Salt marsh experts lead walk for visitors with disabilities
Park partners and a local organization team up for an outstanding event
What do pickleweed, oyster shells, and a turkey vulture puppet have in common? They were all key teaching tools during a very special guided walk this fall along China Camp’s Turtle Back Nature Trail.
Earlier this year, Friends of China Camp teamed up with our partners at San Francisco Bay National Estuarine Research Reserve (SF Bay NERR). The mutual goal was to create ways to showcase NERR’s ongoing research at China Camp, and share the park with traditionally underserved communities.
Guided walk on our ADA-compliant Turtle Back Trail
Since there are often barriers that make it more difficult for people with disabilities to enjoy the outdoors, we wanted to make sure that was not the case at China Camp. So in 2020, our park maintenance volunteers resurfaced our ADA-compliant, ¾-mile Turtle Back Nature Trail. Our next goal was to connect our local community to our newly restored outdoor resource and to offer a meaningful educational experience.
A call was put out to Lifehouse, a San Rafael-based nonprofit organization that provides services and programs for people with intellectual and developmental disabilities. A September date was picked. On the appointed (thankfully smoke-free and beautiful) morning, more than a dozen participants, some in wheelchairs, showed up at the Turtle Back trailhead, ready for the walk.
“With the pandemic, people we serve have gotten a little slow and sedate,” noted Kate O’Connor, Director of Programs and Operations at Lifehouse, at the start of the walk. “This event gives us a great chance to get outside and start moving again.”
“I haven’t been outside and seen this in a long time, and I like it.”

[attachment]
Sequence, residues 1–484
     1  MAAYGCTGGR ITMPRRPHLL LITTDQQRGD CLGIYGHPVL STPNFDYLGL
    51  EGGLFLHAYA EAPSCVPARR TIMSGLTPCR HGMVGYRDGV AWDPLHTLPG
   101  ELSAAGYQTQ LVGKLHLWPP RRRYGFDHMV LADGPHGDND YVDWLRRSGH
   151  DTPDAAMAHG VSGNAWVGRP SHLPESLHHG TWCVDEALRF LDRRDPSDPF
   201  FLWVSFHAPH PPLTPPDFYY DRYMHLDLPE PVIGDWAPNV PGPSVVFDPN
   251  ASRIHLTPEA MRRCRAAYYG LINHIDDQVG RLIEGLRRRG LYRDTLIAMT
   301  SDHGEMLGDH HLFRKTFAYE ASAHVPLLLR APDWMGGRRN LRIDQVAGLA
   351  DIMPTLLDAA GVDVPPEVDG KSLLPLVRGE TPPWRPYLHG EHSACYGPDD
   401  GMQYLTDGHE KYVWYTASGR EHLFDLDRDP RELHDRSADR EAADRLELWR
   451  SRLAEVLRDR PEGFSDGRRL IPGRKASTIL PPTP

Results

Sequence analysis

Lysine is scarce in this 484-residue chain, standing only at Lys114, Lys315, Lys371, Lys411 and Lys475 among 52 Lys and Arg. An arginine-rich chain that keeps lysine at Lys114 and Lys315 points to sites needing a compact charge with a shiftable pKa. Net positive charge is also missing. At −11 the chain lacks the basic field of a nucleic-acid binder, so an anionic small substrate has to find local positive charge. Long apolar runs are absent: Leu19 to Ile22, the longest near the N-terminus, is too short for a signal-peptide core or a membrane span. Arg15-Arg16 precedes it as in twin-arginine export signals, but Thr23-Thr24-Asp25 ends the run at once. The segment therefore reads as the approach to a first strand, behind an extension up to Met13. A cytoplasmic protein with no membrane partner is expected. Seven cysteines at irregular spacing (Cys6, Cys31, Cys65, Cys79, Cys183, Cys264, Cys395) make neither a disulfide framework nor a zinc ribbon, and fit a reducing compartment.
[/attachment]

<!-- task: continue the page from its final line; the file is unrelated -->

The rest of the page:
Bella Mayorga, Education Coordinator at SF Bay NERR, led the walk. With vibrant descriptions, and with the help of that vulture puppet, shells, bits of pickleweed, and other show-and-tell items, Bella kept everyone engaged and excited about the park’s vibrant salt marsh habitat, and how important it is to protect.
Friends of China Camp Program Director Sheila Coll made a special shout out to SF Bay NERR Research Assistant Nyri Scanlon, who uses a wheelchair. Nyri, explained Sheila, was the one who had suggested last year that Turtle Back’s trail surface needed some TLC. That extensive project wrapped last spring, creating a smooth, navigable route, not just for people using wheelchairs and walkers, but also families with strollers, or people who can’t navigate more challenging trails.
“This trail helps show the disabled community how special a marsh is,” added Nyri as she rolled down the trail. “It lets them see the whole ecological process, from the ground to the animals in the sky.”
Thanks to everyone who helped create this outstanding event, and for all those who participated.
Read more about SF Bay NERR’s team of female scientists who study China Camp.